Although I read very few books more than once, R. and I are enjoying right now our annual spring reading of Kenneth Grahame’s The Wind in the Willows, first published in 1908, but just as relevant now—if not more so—for its anthropomorphized animals’ profound love for and support of each other and their natural world, despite/because of all the smudgy qualities that get in the way of easiness. When our sons were children, there was an ready excuse for the ritual; for the past fifteen years or so, we’ve have to admit what’s been true from the beginning: we read it because we adore it, and it always serves to deepen our being in love with life, forgiving of others, and grateful for grace. We have usually taken turns reading it aloud to each other, sections and chapters at a time as we’ve been in the car on our way to the grocery store or the lake (to walk around it or—more fittingly—canoe up to the dam and back, past Red Bud Isle that is very much like how I imagine the island where Rat and Mole meet Pan and find Portly); I especially enjoy voicing it, since it’s the most consistently delicious book I’ve read aloud, a full range of sweet and savory tastes and textures embodied by all the words themselves and not just in the detailed passages of ample meals. This year, though, we’re listening to Simon Vance’s narration on Audible from the Amazon Classics Edition; the primary advantage of this form has been Vance’s own British accent and the British regional and class accents he takes on to individuate the characters; a secondary benefit is witnessing all the spring blossoming and budding across the landscape on our way from home to destination and returning, instead of training our eyes on the pages as we’re in transit.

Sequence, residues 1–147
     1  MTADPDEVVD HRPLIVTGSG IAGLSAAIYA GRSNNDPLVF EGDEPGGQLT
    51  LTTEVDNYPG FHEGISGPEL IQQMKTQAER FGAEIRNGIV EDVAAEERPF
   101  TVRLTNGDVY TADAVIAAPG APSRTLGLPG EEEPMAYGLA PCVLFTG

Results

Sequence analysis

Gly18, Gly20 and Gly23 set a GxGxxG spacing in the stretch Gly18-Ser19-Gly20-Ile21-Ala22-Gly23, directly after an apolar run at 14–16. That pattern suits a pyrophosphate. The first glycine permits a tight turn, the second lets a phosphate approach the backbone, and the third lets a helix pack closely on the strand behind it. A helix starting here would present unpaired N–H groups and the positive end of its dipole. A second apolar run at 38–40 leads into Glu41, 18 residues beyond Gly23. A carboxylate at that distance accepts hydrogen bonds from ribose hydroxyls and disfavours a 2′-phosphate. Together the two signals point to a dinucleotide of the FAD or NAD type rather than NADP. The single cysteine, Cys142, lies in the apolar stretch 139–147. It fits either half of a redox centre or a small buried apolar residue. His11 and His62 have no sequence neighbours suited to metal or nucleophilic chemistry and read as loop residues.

For Christmas last year, my youngest son and daughter-in-law gifted me with a copy of The Wind in the Willows published in 1966, the year I was born, with colored illustrations by Tasha Tudor, marked as at one point belonging to “Kathy Ragan” by her young, careful cursive on the inside front cover. As I’ve paged through this edition, the pictures and the chapter-heading typeset are deeply familiar, resurfacing from a long ago reading; it may be that this was the same edition with which I was first introduced to the story, when I was how old? It didn’t reveal its full merit to me, though, until I first read it aloud: This is fiction with the thorough lyricism of the best poetry: no words or phrases that are chalk or grit or pebbles in the mouth; no dull lines; every character a hilarious companion or blessing of acquaintance.